The Doyle-Bell Connection That Gave Birth To Sherlock Holmes
Joseph Bell can surely be labeled as a major inspiration for the character of the much-loved fictional detective Sherlock Holmes.
As a lecturer at the medical school of the University of Edinburgh, Joseph Bell emphasized the importance of close observation in making a diagnosis.
Bell would often pick a stranger, observe him/her, and deduce about his/her personal as well as professional life. Thus, he was revered as a pioneer in forensic science.
Sir Doyle served as Dr. Joseph Bell’s clerk at the Edinburgh Royal Infirmary. He acknowledged the fact that his character of Sherlock Holmes was loosely based on Dr. Bell. Further similarities can be observed between the lives of Holmes and Dr. Bell in an essay by Irving Wallace.
According to Irving Wallace (in an essay originally in his book The Fabulous Originals, but later republished and updated in his collection The Sunday Gentleman) Dr. Joseph Bell was involved in several police investigations, mostly in Scotland, such as the Ardlamont Mystery of 1893, usually with forensic expert Professor Henry Littlejohn.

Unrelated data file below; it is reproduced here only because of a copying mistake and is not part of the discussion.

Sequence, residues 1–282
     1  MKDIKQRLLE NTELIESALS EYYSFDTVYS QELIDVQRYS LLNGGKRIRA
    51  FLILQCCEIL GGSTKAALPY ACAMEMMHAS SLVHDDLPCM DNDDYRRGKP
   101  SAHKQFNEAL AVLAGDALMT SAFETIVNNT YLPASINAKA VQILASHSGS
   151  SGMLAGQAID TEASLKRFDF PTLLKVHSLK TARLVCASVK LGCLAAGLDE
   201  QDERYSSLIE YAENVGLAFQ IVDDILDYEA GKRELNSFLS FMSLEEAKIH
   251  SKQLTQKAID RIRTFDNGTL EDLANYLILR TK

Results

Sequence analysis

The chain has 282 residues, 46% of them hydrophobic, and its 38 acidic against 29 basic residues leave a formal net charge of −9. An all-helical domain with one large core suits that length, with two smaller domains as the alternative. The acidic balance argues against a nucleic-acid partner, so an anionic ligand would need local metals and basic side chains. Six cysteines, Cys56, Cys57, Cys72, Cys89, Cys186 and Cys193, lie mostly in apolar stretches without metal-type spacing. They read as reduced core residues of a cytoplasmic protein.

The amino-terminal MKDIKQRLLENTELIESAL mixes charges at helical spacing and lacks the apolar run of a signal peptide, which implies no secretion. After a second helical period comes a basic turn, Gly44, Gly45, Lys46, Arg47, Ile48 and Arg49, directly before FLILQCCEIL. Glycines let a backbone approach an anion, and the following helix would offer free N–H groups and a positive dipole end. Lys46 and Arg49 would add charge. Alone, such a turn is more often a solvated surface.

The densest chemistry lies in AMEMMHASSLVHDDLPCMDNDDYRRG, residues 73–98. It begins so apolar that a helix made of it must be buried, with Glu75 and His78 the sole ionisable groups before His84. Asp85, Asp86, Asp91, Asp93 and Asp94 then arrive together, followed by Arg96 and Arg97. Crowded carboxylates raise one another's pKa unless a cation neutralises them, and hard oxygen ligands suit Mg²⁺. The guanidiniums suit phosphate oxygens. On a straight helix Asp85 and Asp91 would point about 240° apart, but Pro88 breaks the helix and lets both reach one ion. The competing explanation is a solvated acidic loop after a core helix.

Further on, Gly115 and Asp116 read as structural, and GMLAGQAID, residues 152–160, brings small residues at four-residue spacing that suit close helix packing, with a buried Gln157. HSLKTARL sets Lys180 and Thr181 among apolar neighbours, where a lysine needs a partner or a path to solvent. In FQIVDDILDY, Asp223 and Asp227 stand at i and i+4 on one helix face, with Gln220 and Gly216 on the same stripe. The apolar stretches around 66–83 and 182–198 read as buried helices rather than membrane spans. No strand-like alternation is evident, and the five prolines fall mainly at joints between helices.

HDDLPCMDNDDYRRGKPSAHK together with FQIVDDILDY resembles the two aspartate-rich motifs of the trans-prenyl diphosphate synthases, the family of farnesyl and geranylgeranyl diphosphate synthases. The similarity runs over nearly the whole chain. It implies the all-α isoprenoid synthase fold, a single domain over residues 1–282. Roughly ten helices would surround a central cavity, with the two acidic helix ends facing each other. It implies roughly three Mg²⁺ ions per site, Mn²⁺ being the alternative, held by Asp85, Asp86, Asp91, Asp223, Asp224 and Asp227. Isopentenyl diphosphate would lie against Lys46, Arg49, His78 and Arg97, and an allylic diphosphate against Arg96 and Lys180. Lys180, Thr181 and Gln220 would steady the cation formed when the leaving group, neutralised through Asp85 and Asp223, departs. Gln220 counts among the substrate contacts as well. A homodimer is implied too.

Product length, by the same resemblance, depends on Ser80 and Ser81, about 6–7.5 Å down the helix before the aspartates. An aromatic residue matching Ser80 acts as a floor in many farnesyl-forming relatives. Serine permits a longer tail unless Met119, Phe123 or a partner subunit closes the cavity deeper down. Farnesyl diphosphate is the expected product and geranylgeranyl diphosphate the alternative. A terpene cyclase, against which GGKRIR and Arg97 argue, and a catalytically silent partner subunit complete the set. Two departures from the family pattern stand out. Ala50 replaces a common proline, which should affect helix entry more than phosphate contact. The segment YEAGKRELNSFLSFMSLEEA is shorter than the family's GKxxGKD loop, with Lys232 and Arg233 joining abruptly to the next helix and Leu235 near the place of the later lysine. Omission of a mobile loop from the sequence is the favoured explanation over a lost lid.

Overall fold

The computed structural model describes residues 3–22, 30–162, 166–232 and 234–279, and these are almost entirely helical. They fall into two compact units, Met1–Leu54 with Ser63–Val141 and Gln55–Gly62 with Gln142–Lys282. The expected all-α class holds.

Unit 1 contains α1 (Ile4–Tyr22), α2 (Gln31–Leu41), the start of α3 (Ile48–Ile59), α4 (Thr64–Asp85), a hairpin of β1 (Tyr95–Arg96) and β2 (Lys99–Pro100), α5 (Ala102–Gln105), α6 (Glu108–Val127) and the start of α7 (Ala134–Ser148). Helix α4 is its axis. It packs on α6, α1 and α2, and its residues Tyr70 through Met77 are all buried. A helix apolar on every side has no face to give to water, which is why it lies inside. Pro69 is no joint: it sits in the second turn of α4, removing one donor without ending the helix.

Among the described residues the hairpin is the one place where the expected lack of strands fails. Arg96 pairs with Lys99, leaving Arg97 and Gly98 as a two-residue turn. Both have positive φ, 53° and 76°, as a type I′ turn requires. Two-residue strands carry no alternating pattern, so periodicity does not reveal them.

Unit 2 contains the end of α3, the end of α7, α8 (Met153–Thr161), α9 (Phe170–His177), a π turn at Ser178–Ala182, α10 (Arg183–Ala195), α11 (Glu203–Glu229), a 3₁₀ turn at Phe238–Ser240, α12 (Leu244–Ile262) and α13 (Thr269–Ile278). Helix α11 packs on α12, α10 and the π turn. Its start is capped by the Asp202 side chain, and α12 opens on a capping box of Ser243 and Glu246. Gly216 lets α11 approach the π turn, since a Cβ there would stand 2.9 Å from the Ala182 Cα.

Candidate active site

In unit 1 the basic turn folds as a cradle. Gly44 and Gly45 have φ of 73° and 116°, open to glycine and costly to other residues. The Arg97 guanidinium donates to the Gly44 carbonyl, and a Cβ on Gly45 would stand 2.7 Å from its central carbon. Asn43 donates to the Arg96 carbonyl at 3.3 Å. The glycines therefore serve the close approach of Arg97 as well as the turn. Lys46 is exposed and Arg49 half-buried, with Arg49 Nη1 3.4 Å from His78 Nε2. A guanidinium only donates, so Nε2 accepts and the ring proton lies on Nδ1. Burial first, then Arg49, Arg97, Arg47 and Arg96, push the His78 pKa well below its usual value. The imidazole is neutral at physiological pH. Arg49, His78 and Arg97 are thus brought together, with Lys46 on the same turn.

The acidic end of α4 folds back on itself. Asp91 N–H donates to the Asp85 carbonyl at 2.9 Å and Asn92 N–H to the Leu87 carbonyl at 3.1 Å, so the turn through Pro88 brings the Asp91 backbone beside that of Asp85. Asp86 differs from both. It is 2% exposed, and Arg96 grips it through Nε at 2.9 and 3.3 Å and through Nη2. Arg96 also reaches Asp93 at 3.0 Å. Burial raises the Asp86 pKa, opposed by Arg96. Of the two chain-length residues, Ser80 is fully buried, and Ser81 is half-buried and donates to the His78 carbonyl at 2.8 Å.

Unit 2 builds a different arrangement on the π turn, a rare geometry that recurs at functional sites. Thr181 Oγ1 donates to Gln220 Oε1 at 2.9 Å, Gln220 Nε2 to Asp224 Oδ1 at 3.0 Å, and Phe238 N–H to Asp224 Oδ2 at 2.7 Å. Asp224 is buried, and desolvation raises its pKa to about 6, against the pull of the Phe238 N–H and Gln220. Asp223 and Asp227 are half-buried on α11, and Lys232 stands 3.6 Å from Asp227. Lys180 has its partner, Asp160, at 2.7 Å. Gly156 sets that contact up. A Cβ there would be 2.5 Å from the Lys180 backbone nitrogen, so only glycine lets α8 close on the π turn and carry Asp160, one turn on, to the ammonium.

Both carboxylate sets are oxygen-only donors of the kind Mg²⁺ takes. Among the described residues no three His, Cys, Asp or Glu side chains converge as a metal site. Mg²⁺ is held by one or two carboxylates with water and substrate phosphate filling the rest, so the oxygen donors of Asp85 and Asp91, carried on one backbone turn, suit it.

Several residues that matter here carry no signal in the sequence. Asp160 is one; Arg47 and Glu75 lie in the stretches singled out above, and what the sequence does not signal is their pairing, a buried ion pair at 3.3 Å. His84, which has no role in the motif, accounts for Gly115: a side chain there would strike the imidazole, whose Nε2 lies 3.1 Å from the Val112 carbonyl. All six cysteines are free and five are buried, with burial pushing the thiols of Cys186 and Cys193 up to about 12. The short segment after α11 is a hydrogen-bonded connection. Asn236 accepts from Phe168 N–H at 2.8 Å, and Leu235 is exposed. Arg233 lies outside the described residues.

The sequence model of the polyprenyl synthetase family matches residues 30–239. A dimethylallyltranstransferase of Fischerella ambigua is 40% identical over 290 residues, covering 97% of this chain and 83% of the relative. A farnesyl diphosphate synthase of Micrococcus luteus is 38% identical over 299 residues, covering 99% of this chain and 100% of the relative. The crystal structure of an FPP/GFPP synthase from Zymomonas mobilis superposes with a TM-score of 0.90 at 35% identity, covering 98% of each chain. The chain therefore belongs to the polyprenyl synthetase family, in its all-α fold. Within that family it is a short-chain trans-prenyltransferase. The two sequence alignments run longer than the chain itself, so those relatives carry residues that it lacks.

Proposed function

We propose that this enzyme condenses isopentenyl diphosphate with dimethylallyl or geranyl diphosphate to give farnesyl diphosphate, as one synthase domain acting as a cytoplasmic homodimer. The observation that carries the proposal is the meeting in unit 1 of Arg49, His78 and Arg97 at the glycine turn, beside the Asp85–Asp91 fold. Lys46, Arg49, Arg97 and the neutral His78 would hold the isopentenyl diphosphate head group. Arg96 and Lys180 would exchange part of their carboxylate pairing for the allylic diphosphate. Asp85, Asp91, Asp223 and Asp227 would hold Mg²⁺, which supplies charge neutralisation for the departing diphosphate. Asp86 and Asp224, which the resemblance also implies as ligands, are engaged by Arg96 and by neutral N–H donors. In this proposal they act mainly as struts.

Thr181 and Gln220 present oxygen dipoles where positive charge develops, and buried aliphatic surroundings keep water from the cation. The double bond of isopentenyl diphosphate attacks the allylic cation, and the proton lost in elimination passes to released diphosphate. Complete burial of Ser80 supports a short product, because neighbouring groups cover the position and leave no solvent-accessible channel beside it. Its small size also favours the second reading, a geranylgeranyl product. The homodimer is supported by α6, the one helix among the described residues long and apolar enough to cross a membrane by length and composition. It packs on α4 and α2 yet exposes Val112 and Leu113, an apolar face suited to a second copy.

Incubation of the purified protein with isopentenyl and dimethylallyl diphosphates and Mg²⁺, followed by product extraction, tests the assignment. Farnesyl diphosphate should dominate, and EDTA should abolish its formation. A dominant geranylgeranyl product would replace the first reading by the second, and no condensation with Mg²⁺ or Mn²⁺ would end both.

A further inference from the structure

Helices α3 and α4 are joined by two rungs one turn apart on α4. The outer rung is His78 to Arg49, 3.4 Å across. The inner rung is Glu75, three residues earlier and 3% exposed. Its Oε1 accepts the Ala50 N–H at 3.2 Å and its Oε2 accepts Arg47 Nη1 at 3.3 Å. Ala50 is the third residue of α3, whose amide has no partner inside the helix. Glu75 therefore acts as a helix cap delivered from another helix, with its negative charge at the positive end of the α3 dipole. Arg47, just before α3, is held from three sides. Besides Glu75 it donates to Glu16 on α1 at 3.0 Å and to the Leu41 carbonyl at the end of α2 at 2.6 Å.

A BBC Television series titled ‘Murder Rooms-The Dark Beginnings of Sherlock Holmes’ is a fictionalized account of Sir Doyle’s time as Dr. Bell’s clerk. The series may have exaggerated Dr. Bell’s criminal investigations, as well as the degree to which Holmes was based on Bell and positioned Mr. Doyle in the role of Dr. Watson in Dr. Bell’s Holmes.
The original one-off production – which led to the later series – was released on DVD and VHS in the US in 2003, titled Dr. Bell and Mr. Doyle – The Dark Beginnings of Sherlock Holmes.
So, now you know the secret behind the genius of Sir Arthur Conan Doyle! The secret was a living human being- who inspired and ignited the mind of one of the most brilliant authors – Sir Doyle!